One interesting aspect of transport in nanostructure systems, is that the characteristic length scales span the transition from classical to quantum transport. Hence a single description in the hierarchy may not be sufficient, or may be overly cumbersome for providing the correct physics of device operation. Depending on certain critical length scales, transport may be semi-classical or purely quantum, or even more difficult, a mixture of the two in which the effects of decoherence and dissipation play important roles, while at the same time, quantum effects still dominant. To illustrate this notion, let us consider a prototypical nanodevice illustrated below:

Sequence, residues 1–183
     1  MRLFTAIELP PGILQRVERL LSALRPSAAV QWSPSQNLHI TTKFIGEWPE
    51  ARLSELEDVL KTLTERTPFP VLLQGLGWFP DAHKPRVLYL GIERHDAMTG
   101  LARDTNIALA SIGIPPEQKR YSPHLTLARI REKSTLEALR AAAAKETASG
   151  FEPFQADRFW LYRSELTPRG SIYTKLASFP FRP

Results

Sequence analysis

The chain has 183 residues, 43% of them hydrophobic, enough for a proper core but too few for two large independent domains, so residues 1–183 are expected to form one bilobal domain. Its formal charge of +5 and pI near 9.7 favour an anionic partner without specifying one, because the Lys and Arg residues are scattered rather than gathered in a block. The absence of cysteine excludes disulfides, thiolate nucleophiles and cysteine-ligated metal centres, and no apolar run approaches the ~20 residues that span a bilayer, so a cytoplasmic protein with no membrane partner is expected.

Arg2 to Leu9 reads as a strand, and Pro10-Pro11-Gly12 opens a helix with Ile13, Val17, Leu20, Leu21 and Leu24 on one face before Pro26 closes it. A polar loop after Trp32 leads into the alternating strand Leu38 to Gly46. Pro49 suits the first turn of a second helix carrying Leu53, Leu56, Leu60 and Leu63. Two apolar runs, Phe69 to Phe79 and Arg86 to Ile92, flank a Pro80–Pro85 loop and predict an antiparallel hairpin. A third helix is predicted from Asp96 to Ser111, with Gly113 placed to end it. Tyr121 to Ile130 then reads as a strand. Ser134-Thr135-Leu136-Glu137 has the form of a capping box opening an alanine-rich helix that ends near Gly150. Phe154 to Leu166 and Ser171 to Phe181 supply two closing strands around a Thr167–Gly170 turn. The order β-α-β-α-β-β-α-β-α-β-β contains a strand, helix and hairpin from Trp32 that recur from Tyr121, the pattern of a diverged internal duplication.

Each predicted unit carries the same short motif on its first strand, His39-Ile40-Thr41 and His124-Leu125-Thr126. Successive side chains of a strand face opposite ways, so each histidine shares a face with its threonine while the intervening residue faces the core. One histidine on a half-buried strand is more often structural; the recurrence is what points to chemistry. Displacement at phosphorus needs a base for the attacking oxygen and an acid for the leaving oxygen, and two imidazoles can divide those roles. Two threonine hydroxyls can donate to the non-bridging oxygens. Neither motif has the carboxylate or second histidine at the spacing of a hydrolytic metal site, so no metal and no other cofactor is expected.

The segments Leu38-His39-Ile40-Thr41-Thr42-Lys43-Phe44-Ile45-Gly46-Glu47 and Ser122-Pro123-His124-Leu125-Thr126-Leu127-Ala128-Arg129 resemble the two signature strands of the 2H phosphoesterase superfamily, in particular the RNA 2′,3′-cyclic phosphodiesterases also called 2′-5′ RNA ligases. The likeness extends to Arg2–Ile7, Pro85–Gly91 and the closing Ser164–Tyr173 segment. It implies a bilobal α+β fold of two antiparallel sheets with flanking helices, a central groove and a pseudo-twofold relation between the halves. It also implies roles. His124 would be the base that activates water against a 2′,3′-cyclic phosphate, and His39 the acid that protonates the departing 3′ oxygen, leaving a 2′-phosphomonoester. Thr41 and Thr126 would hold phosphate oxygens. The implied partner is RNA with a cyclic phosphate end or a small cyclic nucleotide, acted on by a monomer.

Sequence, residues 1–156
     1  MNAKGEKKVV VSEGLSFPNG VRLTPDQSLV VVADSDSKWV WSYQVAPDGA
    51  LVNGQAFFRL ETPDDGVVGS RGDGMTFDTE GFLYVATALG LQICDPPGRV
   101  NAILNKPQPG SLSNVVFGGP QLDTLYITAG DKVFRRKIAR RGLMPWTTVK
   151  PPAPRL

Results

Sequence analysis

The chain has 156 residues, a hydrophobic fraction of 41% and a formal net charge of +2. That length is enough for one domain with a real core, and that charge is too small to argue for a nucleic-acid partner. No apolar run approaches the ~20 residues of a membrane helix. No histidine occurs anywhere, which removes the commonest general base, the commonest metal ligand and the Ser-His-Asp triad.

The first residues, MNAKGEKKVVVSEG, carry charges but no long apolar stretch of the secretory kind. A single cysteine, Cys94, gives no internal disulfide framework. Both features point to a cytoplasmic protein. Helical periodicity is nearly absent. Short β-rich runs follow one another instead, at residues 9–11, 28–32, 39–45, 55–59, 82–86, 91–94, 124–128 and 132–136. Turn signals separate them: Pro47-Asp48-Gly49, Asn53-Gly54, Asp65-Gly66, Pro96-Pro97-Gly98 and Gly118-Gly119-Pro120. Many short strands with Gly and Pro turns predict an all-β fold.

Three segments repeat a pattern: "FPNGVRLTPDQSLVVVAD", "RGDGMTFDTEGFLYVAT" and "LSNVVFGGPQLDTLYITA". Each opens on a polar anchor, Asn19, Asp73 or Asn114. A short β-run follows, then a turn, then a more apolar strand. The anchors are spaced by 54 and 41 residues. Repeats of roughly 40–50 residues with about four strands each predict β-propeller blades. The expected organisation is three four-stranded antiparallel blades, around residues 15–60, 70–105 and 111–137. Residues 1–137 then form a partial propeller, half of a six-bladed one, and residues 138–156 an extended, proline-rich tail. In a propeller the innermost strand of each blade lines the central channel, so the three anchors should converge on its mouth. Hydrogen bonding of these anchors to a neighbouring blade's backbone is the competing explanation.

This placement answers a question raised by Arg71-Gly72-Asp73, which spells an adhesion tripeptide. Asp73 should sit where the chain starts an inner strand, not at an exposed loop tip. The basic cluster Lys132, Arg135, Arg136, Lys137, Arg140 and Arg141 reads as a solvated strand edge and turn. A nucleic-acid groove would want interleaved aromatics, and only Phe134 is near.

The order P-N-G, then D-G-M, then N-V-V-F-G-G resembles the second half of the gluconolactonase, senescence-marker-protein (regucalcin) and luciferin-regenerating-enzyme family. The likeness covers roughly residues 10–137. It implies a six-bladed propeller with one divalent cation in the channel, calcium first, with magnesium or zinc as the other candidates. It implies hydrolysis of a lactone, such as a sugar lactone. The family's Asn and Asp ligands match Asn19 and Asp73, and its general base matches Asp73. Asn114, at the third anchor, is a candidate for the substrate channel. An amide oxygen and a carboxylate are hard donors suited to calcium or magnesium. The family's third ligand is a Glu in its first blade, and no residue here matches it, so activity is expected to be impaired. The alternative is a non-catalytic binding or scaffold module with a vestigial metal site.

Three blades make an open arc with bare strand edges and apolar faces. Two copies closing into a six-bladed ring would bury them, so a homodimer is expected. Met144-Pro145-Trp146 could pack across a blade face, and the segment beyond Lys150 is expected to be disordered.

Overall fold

The ‘device’ is coupled to two contacts, left and right, which serve as a source and sink (drain) for electrons. Here the contacts are drawn as metallic-like reservoirs, characterized by chemical potentials *μ _{s}* and

*μ*, and are separated by an external bias,

_{D}*qV*. The current flowing through the device is then a property of the chemical potential difference and the transmission properties of the active region itself. A separate gate electrode serves to change the transmission properties of the active region, and hence modulates the current. This separation of a nanodevice into ideal injecting and extracting contacts, and an active region which limits the transport of charge, is a common way of visualizing the transport properties of nanoscale systems. However, it clearly has limitations, the contacts themselves are really part of the active system, and are driven out of equilibrium due to current flow, as well as coupling strongly to the active region through the long range Coulomb interaction of charge carriers.